Exploring Babel's towering talent

What do you do if your currency is worthless, law and order in your town is run by gangsters, but you just can't bring yourself to emigrate?

As any Odessite will tell you: hustle like mad, keep your head down when the bullets fly, and above all, enjoy. This would certainly have been the advice of novelist Isaac Babel, who grew up in this leafy, crumbling Black Sea port a century ago. David Vaughan's How Things Were Done in Odessa (5.45pm R3) shows that little has changed between Babel's day and ours, and that the culture which nurtured Babel, Sholom "Fiddler on the Roof" Aleichem, and a dozen other literary lights is still its anarchic, extravagant self. Babel studied the violin in what he called "a Wunderkind factory for Jewish dwarfs"; Vaughan reports that the factory, though less Jewish, is still there, pumping out first-rate musicians who have to subsist on the local equivalent of $1 per day.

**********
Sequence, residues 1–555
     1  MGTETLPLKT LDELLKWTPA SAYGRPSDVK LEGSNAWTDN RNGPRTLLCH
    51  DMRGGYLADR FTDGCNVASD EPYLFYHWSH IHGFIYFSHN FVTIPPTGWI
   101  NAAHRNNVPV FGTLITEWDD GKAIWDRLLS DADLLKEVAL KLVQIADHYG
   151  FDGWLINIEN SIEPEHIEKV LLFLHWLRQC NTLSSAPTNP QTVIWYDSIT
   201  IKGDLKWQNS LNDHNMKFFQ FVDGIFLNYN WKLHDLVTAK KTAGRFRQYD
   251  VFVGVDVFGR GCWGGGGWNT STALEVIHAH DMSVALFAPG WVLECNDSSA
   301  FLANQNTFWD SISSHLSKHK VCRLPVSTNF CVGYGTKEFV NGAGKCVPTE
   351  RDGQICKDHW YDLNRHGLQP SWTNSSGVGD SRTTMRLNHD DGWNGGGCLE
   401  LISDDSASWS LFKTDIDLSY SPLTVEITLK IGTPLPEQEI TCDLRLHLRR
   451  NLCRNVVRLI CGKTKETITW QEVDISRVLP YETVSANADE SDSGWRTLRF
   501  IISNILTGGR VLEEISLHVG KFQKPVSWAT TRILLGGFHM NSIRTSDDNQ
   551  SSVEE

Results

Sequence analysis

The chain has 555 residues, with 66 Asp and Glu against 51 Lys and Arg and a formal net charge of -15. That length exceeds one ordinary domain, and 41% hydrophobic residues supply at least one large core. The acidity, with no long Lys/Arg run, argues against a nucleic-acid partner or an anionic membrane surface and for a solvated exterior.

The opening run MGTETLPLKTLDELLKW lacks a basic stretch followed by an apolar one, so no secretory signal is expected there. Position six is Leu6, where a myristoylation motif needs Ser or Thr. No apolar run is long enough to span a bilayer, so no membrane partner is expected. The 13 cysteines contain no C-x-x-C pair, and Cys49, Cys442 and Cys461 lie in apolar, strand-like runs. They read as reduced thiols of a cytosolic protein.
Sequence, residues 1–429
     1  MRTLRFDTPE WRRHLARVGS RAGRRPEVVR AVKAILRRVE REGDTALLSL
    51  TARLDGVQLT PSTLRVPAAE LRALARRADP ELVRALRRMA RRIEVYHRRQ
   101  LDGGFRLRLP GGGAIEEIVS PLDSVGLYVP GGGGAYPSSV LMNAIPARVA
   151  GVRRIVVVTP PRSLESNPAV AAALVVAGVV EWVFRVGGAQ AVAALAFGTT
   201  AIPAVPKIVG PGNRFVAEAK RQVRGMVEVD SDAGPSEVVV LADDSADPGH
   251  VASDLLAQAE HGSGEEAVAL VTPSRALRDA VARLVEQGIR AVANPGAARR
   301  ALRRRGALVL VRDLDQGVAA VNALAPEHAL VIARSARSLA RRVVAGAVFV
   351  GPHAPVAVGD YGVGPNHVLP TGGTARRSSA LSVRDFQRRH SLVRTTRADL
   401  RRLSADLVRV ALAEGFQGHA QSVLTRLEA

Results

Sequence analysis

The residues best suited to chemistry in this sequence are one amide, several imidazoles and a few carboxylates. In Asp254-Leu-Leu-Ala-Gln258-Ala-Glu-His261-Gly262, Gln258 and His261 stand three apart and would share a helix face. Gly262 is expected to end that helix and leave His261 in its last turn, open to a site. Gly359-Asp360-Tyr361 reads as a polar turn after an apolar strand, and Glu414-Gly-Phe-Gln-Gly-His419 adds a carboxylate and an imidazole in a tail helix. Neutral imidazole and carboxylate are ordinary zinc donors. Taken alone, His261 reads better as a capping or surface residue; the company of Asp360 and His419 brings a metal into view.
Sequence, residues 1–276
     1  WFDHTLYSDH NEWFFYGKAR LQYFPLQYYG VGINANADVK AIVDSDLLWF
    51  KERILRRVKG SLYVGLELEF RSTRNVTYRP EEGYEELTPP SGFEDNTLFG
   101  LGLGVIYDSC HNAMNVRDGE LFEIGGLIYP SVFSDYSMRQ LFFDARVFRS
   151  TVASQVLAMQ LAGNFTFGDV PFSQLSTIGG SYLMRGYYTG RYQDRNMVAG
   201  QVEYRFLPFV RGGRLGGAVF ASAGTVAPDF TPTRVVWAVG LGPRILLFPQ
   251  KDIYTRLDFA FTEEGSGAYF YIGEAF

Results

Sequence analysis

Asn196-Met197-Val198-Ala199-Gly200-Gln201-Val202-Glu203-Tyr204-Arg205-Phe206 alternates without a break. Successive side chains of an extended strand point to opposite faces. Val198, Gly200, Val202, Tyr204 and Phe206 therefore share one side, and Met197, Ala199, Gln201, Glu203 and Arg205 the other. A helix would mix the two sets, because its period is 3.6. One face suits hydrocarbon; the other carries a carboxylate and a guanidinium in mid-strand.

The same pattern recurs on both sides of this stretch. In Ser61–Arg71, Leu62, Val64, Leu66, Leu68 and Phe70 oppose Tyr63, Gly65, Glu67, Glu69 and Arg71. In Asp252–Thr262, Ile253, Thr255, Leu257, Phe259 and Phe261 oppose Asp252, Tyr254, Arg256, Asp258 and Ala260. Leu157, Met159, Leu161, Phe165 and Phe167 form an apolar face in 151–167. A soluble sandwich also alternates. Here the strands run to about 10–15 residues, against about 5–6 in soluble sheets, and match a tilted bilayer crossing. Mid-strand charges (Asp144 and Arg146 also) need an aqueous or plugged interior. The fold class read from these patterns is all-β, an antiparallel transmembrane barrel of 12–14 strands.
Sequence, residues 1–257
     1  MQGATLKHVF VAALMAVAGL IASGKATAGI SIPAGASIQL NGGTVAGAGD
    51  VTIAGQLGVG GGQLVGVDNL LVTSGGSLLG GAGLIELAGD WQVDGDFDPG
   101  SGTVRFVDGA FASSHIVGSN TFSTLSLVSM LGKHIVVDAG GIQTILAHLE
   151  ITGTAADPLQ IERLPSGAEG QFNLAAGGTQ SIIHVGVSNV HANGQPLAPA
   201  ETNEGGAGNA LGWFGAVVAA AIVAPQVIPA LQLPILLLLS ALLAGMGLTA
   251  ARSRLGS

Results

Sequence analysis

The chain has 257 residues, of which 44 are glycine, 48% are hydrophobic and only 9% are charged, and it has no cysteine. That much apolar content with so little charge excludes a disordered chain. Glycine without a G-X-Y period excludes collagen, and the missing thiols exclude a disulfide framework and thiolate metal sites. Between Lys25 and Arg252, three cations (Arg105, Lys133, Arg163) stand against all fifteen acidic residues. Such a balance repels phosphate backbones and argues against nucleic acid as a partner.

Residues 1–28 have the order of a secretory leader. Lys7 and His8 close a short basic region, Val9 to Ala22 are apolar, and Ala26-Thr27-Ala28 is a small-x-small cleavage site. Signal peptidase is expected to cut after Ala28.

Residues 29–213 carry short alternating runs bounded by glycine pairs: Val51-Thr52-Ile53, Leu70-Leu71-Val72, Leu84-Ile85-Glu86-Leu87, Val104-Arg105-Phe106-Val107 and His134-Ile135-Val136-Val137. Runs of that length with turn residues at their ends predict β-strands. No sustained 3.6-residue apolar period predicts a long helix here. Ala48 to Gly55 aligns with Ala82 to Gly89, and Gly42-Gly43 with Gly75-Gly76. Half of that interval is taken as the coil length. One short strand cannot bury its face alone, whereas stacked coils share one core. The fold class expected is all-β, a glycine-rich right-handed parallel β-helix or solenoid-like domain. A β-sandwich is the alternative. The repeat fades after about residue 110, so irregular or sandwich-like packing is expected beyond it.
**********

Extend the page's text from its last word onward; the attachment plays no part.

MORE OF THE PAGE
Vaughan is wary of the drug mafiosi who now rule the roost, but he garners fascinating memories of their predecessors, whom the Communists never managed to liquidate. He also mingles with the black-market money changers, watching as representatives of the banks turn up to check the latest rates.

And he hangs out in the sleazy Moldavanka district which Babel eternalised in his Collected Stories (Penguin £6.99), where people still make deals, music and love, like there's no tomorrow.